In vivo measurement of tissue metabolism in rotator cuff tendons: Implications for surgical management

Authors: A.J. Carr, T.J.W. Matthews, S.R. Smith, J.G. Urban

References: SECEC 2005

AIMS: To determine if tissue metabolism varies in supraspinatus tendons with distance from the edge of the rotator cuff tendon tear and also with different size of tear.

MATERIAL: Tissue metabolism can be assessed by measuring oxygen and nitrous oxide. Viable tendon tissue consumes oxygen and contains nitrous oxide (used in the general anaesthetic) from the blood stream. Non-viable tendon tissue does not consume oxygen although contains nitrous oxide. Oxygen and Nitrous Oxide concentrations were measured amperometrically using silver needle microelectrodes. The needle was inserted into the supraspinatus tendon of patients with massive, large, medium and small full thickness rotator cuff tears and patients with partial tears and no tears. Patients undergoing open stabilisation were used as controls. Measurements were made at a number of quantifiable points from the tendon edge to allow the creation of a topographical map of tissue metabolism. Oxygen consumption was calculated using measured oxygen and nitrous oxide levels at each point.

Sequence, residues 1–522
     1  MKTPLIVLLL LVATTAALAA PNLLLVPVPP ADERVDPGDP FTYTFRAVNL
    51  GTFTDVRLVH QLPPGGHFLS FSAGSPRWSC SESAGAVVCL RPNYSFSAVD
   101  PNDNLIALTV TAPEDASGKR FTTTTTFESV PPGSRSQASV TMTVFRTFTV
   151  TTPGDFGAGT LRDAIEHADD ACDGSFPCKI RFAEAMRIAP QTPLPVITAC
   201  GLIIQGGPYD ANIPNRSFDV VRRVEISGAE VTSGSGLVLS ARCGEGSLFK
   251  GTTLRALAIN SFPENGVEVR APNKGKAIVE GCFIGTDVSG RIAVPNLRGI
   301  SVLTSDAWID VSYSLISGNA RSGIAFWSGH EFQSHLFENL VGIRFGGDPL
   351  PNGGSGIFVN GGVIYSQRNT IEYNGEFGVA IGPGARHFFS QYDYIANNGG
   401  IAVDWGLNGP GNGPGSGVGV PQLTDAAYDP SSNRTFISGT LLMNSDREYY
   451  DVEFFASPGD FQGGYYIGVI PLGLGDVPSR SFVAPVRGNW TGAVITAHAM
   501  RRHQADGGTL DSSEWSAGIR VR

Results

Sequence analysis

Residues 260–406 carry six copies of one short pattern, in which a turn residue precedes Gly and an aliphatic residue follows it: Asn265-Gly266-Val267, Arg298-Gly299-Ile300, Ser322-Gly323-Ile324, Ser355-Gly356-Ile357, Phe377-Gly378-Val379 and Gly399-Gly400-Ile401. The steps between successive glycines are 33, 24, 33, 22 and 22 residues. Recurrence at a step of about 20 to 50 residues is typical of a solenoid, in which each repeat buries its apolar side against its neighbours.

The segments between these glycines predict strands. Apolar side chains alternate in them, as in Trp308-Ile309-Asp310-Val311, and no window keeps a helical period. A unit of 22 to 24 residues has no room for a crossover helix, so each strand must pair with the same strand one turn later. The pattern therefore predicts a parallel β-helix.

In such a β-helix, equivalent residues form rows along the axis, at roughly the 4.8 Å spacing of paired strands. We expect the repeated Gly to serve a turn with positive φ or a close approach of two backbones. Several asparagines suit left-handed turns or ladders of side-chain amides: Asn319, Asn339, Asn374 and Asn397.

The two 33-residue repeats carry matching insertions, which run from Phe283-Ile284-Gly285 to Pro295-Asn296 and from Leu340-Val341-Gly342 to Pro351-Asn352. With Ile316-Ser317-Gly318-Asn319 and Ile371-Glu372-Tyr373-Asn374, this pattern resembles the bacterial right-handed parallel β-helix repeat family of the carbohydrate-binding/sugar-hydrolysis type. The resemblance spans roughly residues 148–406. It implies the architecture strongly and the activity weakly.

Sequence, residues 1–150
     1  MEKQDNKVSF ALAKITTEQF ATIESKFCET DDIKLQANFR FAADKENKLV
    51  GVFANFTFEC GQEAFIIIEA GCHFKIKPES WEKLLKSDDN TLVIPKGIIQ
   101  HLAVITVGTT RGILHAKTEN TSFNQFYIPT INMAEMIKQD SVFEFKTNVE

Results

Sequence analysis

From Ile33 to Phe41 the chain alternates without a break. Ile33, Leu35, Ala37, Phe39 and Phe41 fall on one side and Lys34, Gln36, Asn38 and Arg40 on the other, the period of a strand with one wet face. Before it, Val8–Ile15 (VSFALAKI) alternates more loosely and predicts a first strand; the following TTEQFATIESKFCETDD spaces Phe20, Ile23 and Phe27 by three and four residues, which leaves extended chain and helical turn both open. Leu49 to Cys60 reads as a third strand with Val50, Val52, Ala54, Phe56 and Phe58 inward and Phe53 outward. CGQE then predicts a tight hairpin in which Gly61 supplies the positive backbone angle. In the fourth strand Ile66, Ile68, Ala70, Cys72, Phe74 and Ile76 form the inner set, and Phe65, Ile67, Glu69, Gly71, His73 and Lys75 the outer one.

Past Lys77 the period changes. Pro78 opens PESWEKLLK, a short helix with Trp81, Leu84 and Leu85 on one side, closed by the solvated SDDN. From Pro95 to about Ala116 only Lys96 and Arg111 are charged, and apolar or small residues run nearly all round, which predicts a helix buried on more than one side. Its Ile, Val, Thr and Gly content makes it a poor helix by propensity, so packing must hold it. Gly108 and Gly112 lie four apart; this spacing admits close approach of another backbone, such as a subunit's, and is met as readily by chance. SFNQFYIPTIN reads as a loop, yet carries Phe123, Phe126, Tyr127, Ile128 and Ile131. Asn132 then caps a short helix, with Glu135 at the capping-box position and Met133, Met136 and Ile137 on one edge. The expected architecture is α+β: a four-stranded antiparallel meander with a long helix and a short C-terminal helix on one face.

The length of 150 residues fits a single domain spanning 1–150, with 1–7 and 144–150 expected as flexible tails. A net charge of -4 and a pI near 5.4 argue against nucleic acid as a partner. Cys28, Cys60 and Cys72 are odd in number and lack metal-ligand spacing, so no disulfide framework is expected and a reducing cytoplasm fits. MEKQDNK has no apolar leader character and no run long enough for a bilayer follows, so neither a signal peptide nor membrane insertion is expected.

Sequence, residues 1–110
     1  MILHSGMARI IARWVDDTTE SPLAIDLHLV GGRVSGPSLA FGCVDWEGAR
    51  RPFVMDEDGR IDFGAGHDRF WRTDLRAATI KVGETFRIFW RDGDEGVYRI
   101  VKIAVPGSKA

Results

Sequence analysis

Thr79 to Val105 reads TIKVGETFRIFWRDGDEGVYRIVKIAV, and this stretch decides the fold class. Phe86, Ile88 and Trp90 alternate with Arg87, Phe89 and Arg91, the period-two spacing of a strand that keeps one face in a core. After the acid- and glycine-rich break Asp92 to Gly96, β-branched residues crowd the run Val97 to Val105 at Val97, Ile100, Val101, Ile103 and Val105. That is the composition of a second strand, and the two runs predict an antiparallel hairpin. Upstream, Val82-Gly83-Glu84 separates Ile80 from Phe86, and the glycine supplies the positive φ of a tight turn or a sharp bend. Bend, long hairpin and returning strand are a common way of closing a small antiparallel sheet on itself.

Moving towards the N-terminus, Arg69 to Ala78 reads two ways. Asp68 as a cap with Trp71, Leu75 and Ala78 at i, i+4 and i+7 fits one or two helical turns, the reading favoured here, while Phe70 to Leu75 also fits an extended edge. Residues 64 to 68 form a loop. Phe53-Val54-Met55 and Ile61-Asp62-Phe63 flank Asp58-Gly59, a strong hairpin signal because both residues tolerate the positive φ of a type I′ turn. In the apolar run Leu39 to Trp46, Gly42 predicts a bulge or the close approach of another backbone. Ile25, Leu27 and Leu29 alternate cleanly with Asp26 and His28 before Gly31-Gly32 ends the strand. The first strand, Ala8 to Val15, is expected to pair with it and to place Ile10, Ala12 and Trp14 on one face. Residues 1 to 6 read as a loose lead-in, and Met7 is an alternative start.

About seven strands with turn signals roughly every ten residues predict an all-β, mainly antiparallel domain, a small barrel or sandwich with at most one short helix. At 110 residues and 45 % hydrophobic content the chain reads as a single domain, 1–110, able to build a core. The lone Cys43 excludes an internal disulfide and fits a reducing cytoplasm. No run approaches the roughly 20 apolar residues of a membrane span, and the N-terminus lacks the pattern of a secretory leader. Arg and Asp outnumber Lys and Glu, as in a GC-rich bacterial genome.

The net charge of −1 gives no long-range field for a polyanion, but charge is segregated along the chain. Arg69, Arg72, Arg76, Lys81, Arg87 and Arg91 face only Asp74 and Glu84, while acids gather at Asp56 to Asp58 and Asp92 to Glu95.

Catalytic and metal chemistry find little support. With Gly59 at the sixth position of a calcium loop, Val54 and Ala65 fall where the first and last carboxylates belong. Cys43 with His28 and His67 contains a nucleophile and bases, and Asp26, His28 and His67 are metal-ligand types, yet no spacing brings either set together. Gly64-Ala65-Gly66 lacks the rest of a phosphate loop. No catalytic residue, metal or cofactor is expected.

RESULTS: In patients with rotator cuff tears oxygen consumption was significantly lower near to the edge of the tear. Patients with impingement syndrome but no evidence of a rotator cuff tear also showed a decreased level of oxygen consumption in the anterior part of the supraspinatus, but this was significantly higher than the levels seen in the torn tendon. The control group showed no significant alteration in oxygen levels.

CONCLUSION: Patients with rotator cuff tendon tear demonstrate significantly reduced levels of tissue metabolism. This reduction is tissue viability is significantly greater at the edge of the tear and in large tears. Patients with intact tendons and impingement syndrome also demonstrate minor reduction in tissue tendon viability compared with controls.


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